It is worth pointing out that this detector runs parasitically – it will not be providing triggers to the ATLAS or CMS detectors. Its time resolution should be good, about 10 ns, so it might be possible to correlate a signal from a milli-charged particle with a particular bunch crossing, but this is not really needed.
The upcoming run will be an exciting time to try this search. Evidence for milli-charged particles would be a huge discovery, of course. I do not know the status of this proposal vis-a-vis CERN and the LHC experiments. But if a signal were observed, it would clearly be easy to enhance it by building more detector. My opinion is that this is a good idea, and I hope others will agree.
Does CMS observe an excess that corresponds to a signal for Supersymmetry? Opinions differ.
This week a paper appeared with the statement “…CMS has reported an intriguing excess of events with respect to the ones expected in the SM” (Huang & Wagner, arXiv:1410.4998). And last month another phenomenology paper appeared with the title “Interpreting a CMS lljjpTmiss Excess With the Golden Cascade of the MSSM” (Allanach, Raklev and Kvellestad arXiv:1409.3532). Both studies are based on a preliminary CMS report (CMS PAS SUS-12-019, Aug. 24 2014), which ends with the statement “We do not observe evidence for a statistically significant signal.”
What is going on here?
The CMS search examines the di-lepton invariant mass distribution for a set of events which have, in addition to two energetic and isolated leptons, missing transverse momentum (pTmiss) and two jets. In cascade decays of SUSY particles, χ02 → χ01 l+l-, a kind of hard edge appears at the phase space limit for the two leptons l+l-, as pointed out many years ago (PRD 55 (1997) 5520). When distinguishing a signal from background, a sharp edge is almost as good as a peak, so this is a nice way to isolate a signal if one exists. An edge can also be observed in decays of sleptons. The CMS search is meant to be as general as possible.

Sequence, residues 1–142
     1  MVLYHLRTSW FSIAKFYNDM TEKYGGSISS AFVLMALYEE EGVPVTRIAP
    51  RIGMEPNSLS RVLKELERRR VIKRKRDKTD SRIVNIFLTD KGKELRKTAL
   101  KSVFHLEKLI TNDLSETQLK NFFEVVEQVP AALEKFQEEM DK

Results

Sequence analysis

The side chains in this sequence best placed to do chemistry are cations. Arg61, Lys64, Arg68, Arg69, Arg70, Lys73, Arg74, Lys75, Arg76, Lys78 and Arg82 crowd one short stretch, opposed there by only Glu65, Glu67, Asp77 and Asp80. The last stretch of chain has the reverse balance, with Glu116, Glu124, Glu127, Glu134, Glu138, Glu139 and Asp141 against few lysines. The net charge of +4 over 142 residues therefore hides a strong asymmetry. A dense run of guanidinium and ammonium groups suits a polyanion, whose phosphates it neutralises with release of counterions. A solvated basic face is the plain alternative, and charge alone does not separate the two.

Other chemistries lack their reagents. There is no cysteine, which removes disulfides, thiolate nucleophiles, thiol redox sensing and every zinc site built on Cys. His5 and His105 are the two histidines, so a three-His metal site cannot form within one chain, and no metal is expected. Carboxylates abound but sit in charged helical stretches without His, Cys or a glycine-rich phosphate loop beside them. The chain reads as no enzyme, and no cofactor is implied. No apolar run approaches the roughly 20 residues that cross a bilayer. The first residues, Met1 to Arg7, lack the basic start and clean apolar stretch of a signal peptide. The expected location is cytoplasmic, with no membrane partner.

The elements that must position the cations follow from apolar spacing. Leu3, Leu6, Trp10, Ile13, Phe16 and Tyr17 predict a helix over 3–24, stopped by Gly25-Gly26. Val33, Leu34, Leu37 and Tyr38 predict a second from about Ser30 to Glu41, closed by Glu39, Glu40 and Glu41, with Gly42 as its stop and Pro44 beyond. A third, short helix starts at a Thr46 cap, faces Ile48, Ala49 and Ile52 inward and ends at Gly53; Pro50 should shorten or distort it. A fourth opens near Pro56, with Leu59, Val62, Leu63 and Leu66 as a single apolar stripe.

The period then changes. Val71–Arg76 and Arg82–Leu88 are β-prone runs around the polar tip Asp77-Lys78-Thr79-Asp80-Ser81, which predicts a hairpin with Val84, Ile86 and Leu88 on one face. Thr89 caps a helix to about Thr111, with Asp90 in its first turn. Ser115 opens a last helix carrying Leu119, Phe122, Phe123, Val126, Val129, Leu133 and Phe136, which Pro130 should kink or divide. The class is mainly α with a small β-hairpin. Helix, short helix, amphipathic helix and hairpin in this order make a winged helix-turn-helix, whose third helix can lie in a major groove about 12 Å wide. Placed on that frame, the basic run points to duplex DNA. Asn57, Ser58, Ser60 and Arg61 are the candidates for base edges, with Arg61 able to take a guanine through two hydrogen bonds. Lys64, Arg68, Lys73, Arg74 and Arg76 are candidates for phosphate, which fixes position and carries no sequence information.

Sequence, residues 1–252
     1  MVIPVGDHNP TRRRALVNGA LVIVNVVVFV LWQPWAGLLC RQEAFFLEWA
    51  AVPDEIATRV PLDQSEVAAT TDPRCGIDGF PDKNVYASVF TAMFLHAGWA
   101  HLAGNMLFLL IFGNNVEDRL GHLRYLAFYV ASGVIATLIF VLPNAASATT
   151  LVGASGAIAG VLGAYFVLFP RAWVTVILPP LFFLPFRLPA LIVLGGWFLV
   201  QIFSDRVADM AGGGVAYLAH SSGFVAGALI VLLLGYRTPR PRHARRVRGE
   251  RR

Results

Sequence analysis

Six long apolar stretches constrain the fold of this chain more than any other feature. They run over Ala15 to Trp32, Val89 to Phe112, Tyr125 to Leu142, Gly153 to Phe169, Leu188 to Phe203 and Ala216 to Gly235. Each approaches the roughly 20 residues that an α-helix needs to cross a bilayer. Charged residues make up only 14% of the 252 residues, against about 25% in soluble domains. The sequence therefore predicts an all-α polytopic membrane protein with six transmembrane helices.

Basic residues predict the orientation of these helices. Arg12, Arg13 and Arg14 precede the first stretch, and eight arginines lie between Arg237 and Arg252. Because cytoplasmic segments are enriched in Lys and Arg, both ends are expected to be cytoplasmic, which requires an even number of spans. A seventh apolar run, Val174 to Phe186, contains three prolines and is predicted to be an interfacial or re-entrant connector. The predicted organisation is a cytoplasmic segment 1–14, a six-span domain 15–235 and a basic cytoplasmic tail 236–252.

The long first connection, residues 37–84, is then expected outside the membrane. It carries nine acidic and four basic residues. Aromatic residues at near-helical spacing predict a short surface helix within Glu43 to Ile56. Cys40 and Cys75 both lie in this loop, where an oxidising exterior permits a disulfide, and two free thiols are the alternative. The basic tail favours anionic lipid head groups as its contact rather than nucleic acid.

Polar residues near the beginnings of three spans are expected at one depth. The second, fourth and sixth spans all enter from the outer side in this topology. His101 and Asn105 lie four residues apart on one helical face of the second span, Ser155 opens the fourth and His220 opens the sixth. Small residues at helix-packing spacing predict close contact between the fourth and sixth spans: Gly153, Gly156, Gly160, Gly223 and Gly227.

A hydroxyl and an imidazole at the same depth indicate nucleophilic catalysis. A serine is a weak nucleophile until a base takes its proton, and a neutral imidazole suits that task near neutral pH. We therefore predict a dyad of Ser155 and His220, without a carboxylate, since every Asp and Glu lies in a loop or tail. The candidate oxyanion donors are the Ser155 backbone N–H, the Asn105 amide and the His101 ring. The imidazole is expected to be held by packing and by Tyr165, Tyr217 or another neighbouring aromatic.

In order to remove the bulk of SM events producing a pair of leptons, a significant missing energy is required, as expected from a pair of neutralinos χ01. Furthermore, other activity in the event is expected (recall that there will be two supersymmetric particles in the event) so the search demands at least two jets. Hence: ll+jj+pTmiss.
A crucial feature of the analysis is motivated by the phenomenology of SUSY cascade decays: for the signal, the two leptons will have the same flavor (ee or μμ), while most of the SM backgrounds will be flavor blind (so eμ also is expected). By comparing the Mll spectrum for same-flavor and for opposite-flavor leptons, an excess might be observed with little reliance on simulations. Only the Drell-Yan background does not appear in the opposite-flavor sample at the same level as in the same-flavor sample, but a hard cut on pTmiss (also called ETmiss) removes most of the DY background. (I am glossing over careful and robust measurements of the relative e and μ reconstruction and trigger efficiencies – see the note for those details, especially Section 4.)
The CMS analyzers make an important distinction between “central” leptons with |η|<1.4 and "forward" leptons 1.6<|η|<2.4 motivated by the idea that supersymmetric particles will be centrally produced due to their high mass, and an excess may be more pronounced when both leptons are central.